Saints of the Week

December 30: The Family of Joseph, Mary, and Jesus, was a feast instituted in 1921. It was originally the 3rd Sunday after Christmas. The Holy Family is often seen in Renaissance paintings - and many of those are of the flight into Egypt.

December 31: Sylvester I, pope (d. 335), served the church shortly after Constantine issued his Edict of Milan in 313 that publicly recognized Christianity as the official religion of the empire and provided it freedom of worship. Large public churches were built by the emperor and other benefactors. Sylvester was alive during the Council of Nicaea but did not attend because of old age.

January 2: Basil the Great and Gregory Nanzianzen, bishops and doctors (fourth century), are two of the four great doctors of the Eastern Church. They are known for their preaching especially against the Arian heretics. Basil began as a hermit before he was named archbishop of Caesarea. He influenced Gregory who eventually became archbishop of Constantinople. Their teachings influenced both the Roman and Eastern Churches.

January 3: The Name of Jesus was given to the infant as the angel foretold. In the Mediterranean world, the naming of person stood for the whole person. Humans were given the power to name during the Genesis creation accounts. If one honors the name of the person, they honor the person. The name Jesus means “Yahweh saves.”

January 4: Elizabeth Ann Seton, religious (1774-1821), was born into an Episcopalian household where she married and had five children. When her husband died, she became a Catholic and founded a girls’ school in Baltimore. She then founded the Sisters of Charity and began the foundation for the parochial school system in the U.S. She is the first native-born American to be canonized.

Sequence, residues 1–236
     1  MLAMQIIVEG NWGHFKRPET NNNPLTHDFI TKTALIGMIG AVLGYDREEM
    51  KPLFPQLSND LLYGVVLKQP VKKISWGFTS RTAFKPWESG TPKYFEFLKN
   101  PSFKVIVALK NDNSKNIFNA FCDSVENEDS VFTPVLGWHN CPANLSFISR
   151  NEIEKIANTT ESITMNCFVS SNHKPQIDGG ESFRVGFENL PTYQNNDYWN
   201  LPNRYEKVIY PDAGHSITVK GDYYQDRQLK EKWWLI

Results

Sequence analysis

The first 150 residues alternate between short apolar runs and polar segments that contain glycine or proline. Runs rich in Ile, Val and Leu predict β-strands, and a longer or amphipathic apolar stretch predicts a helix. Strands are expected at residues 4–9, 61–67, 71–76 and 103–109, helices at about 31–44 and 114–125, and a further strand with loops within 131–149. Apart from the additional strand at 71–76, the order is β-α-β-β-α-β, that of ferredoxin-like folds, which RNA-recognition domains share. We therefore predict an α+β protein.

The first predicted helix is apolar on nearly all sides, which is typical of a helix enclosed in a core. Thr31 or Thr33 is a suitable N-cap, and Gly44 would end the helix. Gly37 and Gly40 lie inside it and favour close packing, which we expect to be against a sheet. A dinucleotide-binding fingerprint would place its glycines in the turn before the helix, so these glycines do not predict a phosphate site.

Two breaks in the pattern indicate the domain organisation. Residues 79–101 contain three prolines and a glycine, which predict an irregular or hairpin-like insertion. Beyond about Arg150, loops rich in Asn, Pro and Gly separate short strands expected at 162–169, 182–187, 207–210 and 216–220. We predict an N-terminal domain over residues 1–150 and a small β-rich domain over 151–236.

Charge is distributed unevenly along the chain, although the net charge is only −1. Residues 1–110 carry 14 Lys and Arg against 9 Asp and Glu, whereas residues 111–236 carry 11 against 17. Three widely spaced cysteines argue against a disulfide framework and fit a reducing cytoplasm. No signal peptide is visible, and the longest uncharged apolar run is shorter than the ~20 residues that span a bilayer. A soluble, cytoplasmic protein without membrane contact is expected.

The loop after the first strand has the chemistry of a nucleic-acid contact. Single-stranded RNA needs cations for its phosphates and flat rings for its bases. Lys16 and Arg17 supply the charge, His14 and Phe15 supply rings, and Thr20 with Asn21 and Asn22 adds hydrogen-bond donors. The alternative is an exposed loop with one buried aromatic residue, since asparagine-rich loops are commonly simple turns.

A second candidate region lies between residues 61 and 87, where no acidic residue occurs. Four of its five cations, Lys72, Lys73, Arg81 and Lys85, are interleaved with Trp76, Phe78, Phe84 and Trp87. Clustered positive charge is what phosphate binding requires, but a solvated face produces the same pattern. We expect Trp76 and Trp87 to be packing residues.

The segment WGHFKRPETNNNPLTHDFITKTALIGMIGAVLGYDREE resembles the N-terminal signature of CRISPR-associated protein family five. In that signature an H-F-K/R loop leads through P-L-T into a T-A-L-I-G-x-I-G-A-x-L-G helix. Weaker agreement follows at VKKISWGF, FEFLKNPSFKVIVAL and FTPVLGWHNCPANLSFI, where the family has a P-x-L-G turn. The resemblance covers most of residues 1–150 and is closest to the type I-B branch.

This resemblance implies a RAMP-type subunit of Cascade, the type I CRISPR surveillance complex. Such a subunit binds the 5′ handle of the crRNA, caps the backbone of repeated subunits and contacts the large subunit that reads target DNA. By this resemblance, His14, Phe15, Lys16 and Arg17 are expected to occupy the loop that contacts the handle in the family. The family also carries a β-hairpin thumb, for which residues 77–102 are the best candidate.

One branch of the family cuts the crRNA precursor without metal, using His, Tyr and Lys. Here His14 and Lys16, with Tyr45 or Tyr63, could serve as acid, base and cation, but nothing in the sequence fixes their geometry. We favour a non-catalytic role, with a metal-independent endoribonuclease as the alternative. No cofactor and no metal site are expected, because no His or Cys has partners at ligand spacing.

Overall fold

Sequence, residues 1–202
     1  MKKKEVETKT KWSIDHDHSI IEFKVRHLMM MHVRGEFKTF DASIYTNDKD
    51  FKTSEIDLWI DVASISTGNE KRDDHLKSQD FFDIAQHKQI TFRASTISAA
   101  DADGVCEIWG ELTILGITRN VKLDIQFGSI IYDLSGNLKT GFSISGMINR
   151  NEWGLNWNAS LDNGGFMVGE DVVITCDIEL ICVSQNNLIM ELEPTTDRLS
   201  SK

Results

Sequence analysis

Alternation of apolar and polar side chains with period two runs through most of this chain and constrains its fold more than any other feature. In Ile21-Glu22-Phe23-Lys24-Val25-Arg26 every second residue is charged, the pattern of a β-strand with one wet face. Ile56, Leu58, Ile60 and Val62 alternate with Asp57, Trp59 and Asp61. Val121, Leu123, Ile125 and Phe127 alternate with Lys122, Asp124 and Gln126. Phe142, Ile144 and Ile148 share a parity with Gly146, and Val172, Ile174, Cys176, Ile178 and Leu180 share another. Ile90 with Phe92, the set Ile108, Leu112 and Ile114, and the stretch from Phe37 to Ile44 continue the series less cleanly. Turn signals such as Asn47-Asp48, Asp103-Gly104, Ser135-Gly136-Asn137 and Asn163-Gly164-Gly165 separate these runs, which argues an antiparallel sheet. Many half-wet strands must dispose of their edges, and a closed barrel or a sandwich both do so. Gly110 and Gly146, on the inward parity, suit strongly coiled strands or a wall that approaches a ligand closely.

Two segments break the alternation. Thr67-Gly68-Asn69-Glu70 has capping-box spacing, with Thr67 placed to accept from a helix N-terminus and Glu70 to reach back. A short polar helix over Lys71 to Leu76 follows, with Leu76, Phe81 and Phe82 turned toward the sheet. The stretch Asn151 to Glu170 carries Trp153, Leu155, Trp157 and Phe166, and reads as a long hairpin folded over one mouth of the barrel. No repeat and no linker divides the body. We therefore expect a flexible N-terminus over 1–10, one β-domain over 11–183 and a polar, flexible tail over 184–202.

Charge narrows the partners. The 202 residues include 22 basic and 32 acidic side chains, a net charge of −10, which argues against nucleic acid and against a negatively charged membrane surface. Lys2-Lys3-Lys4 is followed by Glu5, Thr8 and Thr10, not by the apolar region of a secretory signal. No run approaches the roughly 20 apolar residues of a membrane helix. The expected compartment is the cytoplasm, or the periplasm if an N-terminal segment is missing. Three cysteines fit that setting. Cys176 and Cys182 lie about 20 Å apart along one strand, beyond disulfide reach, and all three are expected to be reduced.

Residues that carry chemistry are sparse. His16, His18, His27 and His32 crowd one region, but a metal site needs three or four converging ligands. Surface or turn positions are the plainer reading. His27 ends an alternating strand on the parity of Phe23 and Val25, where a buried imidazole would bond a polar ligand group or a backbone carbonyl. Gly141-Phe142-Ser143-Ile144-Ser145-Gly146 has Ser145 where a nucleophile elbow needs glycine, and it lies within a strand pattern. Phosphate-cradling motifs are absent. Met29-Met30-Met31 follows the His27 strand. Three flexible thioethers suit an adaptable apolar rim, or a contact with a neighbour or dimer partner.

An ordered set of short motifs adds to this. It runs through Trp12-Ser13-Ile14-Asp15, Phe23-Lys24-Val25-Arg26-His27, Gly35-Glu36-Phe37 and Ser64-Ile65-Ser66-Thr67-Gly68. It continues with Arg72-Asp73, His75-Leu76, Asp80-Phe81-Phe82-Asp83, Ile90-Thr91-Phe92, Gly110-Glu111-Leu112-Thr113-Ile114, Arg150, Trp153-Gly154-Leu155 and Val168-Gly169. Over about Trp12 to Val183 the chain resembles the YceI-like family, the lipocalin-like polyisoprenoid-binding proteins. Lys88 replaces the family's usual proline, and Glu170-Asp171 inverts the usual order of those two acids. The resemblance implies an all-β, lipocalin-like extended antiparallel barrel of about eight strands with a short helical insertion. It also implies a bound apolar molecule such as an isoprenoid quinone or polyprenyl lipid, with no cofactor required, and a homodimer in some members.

January 5: John Neumann, bishop (1811-1860), emigrated from Bohemia to New York and joined the Redemptorists in Pittsburgh before being named bishop of Philadelphia. He built many churches in the diocese and placed great emphasis on education as the foundation of faith.

This Week in Jesuit History

·      Dec 30, 1564. Letter from Pope Pius IV to Daniel, Archbishop of Mayence, deploring the malicious and scurrilous pamphlets published against the Society throughout Germany and desiring him to use his influence against the evil.
·      Dec 31, 1640. John Francis Regis died. He was a missionary to the towns and villages of the remote mountains of southern France.
·      Jan. 1, 1598: Fr. Alphonsus Barréna, surnamed the Apostle of Peru, died. He was the first to carry the faith to the Guaranis and Chiquitos in Paraguay.
·      Jan. 2, 1619: At Rome, John Berchmans and Bartholomew Penneman, his companion scholastic from Belgium, entered the Roman College.
·      Jan. 3, 1816: Fr. General Brzozowski and 25 members of the Society, guarded by soldiers, left St. Petersburg, Russia, having been banished by the civil government.
·      Jan. 4, 1619: The English mission is raised to the status of a province.
·      Jan. 5, 1548: Francis Suarez, one of the greatest theologians of the church, was born at Granada.